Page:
Open Source (iTunes Feed Web Site) is back. The radio show hosted by Christopher Lydon hit some financial snags last summer and went off-air. Now, thanks to the Watson Institute at Brown University, the program has found new life, and it's already regaining some of its old momentum.
Right before the New Year, the show aired a three-part interview with Harold Bloom, America's most well known literary critic. As always, Bloom doesn't hesitate to share his views here. But he saves his sharpest remarks for when he addresses the state of the humanities in the American academy (MP3 - iTunes - Feed - Web Site). For Bloom, a longtime professor at Yale, it's not a pretty picture. The humanities, particularly the study of literature, has "committed suicide" by "going in for political correctness to a simply sickening degree" and "getting away from canonical standards [and] cognitive and aesthetic standards." The humanities, Bloom summarily says, "are not worth celebrating until they establish themselves as a discipline again," and, until some resurrection takes place, they won't have the institutional standing of the social sciences. These are strong words, but frankly they're among his milder comments. Have a listen, and find the comments mentioned above about 13 minutes in.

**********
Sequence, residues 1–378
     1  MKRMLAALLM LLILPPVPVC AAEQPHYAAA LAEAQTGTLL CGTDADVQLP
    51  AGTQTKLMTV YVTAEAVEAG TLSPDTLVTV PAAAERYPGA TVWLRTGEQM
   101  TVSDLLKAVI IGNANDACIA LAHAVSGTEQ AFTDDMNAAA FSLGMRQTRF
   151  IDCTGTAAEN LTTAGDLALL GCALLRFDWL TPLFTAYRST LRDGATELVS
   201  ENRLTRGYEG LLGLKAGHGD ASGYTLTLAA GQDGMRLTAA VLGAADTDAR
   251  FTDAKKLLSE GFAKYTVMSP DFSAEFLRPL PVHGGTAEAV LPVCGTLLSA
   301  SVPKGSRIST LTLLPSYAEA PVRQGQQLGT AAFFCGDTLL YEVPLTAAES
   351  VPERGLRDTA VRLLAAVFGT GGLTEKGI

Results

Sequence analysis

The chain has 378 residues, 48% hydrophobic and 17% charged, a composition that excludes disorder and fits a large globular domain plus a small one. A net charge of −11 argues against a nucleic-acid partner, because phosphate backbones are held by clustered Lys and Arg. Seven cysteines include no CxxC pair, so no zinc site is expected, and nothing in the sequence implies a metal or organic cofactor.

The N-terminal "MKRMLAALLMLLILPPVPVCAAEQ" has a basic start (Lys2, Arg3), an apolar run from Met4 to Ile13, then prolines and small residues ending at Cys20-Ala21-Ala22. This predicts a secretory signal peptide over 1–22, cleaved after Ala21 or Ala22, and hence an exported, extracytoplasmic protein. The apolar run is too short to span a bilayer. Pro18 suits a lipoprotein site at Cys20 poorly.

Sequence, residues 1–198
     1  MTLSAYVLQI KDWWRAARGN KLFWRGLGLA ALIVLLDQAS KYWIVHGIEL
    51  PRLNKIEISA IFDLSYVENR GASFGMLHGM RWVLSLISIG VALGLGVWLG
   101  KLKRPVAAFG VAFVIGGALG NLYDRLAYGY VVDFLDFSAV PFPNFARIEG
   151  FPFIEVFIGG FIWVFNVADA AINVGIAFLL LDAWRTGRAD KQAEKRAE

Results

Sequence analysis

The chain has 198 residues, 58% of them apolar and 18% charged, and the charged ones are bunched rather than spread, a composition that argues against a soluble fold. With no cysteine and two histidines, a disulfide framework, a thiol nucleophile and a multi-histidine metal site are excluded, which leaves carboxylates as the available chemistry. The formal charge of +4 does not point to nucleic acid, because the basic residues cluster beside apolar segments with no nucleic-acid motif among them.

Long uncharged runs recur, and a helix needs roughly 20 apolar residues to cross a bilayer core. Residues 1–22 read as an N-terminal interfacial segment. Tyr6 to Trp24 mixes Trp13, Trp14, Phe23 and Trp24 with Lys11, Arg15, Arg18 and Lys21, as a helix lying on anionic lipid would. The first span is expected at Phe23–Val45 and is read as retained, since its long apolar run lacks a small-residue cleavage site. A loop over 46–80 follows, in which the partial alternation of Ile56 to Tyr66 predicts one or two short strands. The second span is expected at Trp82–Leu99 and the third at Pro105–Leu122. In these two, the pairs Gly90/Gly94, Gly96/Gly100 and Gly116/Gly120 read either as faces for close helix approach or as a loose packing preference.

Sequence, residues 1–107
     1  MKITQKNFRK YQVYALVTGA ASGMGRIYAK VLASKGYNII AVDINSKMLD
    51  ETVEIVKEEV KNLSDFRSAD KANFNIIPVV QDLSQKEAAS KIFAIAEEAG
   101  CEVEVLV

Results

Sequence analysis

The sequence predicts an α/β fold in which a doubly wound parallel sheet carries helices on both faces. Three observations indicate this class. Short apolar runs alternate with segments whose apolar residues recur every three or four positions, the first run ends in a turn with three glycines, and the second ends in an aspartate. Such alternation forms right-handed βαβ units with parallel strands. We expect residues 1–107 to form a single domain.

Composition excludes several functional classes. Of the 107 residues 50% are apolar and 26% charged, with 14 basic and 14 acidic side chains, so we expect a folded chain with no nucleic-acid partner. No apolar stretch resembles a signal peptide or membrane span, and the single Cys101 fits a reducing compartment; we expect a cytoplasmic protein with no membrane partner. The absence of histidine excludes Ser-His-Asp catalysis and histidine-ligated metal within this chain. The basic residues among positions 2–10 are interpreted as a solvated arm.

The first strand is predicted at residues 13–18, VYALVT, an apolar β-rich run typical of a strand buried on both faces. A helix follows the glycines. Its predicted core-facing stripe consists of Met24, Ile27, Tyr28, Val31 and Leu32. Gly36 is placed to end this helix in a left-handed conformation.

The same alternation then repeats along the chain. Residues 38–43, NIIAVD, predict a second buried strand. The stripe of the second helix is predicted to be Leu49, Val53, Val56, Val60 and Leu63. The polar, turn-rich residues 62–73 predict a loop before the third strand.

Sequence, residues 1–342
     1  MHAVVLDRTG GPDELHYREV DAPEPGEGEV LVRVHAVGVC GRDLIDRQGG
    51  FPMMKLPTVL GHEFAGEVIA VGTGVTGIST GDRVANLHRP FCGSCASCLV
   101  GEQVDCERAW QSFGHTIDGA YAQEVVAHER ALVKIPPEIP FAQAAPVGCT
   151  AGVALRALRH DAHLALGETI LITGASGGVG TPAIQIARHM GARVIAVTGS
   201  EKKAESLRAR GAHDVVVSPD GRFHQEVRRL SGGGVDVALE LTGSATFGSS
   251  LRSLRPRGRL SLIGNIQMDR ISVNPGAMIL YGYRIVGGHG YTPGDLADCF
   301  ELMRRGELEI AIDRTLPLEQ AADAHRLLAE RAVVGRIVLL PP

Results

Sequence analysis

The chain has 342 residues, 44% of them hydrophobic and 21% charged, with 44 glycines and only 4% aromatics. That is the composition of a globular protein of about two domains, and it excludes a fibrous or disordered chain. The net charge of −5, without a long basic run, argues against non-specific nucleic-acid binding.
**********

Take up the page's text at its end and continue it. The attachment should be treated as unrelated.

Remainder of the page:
Fortunately, the conversation does end on a positive note (at least sort of). Bloom gives a kind nod to the poetry written by the young Barack Obama (read it here), likening his poems to the work of Carl Sandburg and Langston Hughes. It's fairly high praise, especially when you consider that he's willing to call Jimmy Carter the "worst poet in North America."
Below find the two other segments of the recorded interview with Harold Bloom.
And also see our earlier piece: The Art of Reading a Poem (According to Harold Bloom). Here you get to listen to a class where Bloom gives a critical reading of a Wallace Stevens poem. This one is long on straightforward scholarship and short on polemics.